A 1H nuclear magnetic resonance-based metabonomic approach for grading hepatic encephalopathy and monitoring the effects of therapeutic hypothermia in rats

Authors

  • Ignasi Barba,

    1. Plataforma Metabonomica, RECAVA, Servei de Cardiologia, Hospital Universitari Vall d'Hebron, Barcelona, Spain
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  • Nicolas Chatauret,

    1. Servei de Medicina Interna-Hepatologia, Hospital Universitari Vall d'Hebron, Barcelona, Spain
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    • *These authors contributed equally to the work.

  • David García-Dorado,

    1. Plataforma Metabonomica, RECAVA, Servei de Cardiologia, Hospital Universitari Vall d'Hebron, Barcelona, Spain
    2. Departament de Medicina, Universitat Autònoma de Barcelona, Barcelona, Spain
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  • Juan Córdoba

    1. Servei de Medicina Interna-Hepatologia, Hospital Universitari Vall d'Hebron, Barcelona, Spain
    2. Departament de Medicina, Universitat Autònoma de Barcelona, Barcelona, Spain
    3. Centro de Investigación Biomédica en Red Enfermedades Hepáticas y Digestivas (CIBEREHD), Spain
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Correspondence
Juan Córdoba, Servei de Medicina Interna-Hepatologia, Hospital Universitari Vall d'Hebron, Passeig Vall d'Hebron 119–129, 08035 Barcelona, Spain
Tel: +34 93 274 6140
Fax: +34 93 274 6048
e-mail: jcordoba@vhebron.net

Abstract

Background: There are no good biomarkers for grading hepatic encephalopathy (HE) and monitoring the effectiveness of therapeutic measures.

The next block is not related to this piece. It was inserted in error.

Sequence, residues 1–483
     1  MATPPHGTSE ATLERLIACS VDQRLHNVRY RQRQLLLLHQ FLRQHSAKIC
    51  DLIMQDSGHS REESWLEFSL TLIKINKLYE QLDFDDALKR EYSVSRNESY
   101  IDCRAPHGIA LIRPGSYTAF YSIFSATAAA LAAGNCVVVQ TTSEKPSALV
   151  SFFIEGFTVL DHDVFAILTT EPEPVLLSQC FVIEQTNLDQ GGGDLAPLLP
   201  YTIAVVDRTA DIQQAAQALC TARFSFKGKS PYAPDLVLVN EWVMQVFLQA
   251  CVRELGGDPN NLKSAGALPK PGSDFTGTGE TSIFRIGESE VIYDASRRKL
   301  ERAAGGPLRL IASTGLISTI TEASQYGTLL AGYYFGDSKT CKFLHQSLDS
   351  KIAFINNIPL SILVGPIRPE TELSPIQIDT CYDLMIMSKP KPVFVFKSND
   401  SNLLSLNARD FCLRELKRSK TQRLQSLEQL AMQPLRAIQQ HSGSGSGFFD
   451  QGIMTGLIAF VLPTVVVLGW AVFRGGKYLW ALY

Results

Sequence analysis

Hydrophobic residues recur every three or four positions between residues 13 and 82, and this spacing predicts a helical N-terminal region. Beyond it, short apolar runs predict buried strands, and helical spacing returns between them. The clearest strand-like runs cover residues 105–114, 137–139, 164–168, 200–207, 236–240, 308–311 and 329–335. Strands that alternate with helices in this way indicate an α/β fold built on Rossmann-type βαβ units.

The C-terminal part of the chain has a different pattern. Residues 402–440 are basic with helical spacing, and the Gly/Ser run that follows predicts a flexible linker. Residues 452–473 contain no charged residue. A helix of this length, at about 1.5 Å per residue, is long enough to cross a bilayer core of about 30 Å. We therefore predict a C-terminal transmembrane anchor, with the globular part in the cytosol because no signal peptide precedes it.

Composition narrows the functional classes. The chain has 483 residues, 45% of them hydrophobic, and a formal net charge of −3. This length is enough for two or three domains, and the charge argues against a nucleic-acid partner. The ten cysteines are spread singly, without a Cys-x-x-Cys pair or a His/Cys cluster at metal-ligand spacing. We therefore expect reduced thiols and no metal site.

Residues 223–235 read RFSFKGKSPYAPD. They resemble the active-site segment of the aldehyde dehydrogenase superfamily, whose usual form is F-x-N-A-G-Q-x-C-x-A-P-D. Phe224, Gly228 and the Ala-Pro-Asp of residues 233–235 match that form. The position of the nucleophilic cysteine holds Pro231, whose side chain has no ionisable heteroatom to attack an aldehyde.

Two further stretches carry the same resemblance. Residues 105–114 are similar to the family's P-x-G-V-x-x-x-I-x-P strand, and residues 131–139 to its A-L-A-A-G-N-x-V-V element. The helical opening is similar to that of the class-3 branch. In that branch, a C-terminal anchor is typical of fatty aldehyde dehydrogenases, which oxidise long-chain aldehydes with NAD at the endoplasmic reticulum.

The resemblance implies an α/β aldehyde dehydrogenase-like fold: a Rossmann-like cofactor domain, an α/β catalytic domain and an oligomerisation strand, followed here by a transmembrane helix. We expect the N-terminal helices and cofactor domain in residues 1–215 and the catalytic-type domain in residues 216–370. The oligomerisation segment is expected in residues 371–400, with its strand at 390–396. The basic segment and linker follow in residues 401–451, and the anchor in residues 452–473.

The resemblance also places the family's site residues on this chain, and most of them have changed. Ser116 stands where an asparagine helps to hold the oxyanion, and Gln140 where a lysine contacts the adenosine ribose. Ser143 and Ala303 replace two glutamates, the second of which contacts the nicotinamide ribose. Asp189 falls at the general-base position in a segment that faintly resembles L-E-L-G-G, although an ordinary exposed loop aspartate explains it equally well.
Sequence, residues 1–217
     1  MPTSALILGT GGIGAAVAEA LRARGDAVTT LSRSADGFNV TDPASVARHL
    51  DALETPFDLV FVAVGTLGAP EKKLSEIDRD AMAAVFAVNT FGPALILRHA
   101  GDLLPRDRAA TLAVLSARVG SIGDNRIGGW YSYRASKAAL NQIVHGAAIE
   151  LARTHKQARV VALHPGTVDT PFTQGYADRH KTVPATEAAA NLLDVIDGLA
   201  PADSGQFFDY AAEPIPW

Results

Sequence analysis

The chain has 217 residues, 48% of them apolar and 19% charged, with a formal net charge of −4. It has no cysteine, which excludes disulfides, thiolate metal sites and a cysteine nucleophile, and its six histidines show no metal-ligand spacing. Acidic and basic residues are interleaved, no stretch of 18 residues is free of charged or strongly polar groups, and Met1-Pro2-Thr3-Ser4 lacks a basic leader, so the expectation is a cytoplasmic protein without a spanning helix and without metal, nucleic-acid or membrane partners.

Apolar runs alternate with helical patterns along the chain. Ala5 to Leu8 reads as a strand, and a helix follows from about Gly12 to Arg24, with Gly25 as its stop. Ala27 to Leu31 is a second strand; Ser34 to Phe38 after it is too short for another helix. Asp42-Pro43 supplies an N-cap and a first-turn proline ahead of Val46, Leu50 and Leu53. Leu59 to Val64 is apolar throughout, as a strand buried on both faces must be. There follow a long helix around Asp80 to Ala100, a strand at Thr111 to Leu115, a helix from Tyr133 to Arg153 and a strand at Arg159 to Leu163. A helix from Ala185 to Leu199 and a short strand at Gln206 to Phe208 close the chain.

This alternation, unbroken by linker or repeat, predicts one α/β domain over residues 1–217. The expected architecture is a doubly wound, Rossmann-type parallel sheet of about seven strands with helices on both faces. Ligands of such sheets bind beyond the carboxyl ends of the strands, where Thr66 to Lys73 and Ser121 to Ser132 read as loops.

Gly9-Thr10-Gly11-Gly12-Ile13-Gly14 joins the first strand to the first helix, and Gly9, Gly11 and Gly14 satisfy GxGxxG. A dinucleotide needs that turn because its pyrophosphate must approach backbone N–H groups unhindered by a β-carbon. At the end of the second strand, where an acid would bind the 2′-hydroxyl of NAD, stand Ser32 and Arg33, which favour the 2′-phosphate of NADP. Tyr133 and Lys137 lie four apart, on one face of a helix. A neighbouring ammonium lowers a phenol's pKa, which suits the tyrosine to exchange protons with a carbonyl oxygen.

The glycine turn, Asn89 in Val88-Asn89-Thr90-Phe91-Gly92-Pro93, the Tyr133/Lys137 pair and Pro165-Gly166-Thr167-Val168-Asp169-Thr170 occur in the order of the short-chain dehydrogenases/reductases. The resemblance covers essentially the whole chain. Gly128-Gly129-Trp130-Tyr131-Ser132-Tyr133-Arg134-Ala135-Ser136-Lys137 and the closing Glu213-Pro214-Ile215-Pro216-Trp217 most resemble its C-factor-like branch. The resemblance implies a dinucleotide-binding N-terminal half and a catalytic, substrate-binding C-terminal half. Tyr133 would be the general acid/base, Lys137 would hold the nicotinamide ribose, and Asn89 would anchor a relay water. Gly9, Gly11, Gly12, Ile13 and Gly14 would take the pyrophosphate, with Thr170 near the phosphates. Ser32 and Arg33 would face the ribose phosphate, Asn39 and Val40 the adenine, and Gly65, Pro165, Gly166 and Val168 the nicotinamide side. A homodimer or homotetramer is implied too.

Methods: We applied 1H nuclear magnetic resonance (NMR)-based metabonomics of brain samples obtained from acute liver failure rats sacrificed after ligation of the hepatic artery (at 6 h, precoma and coma stages), sham-operated controls and mild hypothermia (35 °C) for 6 or 15 h as a therapeutic measure.

Results: Partial least square discriminant analysis established a classification model that scored the severity of encephalopathy. Animals treated with hypothermia did not develop manifestations of encephalopathy and were graded accordingly using the NMR-based metabonomic approach. Hypothermic animals showed lower levels of alanine and lactate as well as higher levels of N-acetylaspartate and myo-inositol compared with normothermic animals. The course of metabolic deterioration was more rapid in the brainstem than in the cortex.

Conclusion: Metabonomic analysis is capable of grading HE, detecting regional differences and monitoring the protective effects of hypothermia. This approach elucidates differences of brain energetic metabolism and compensatory osmotic response to explain the effects of hypothermia.

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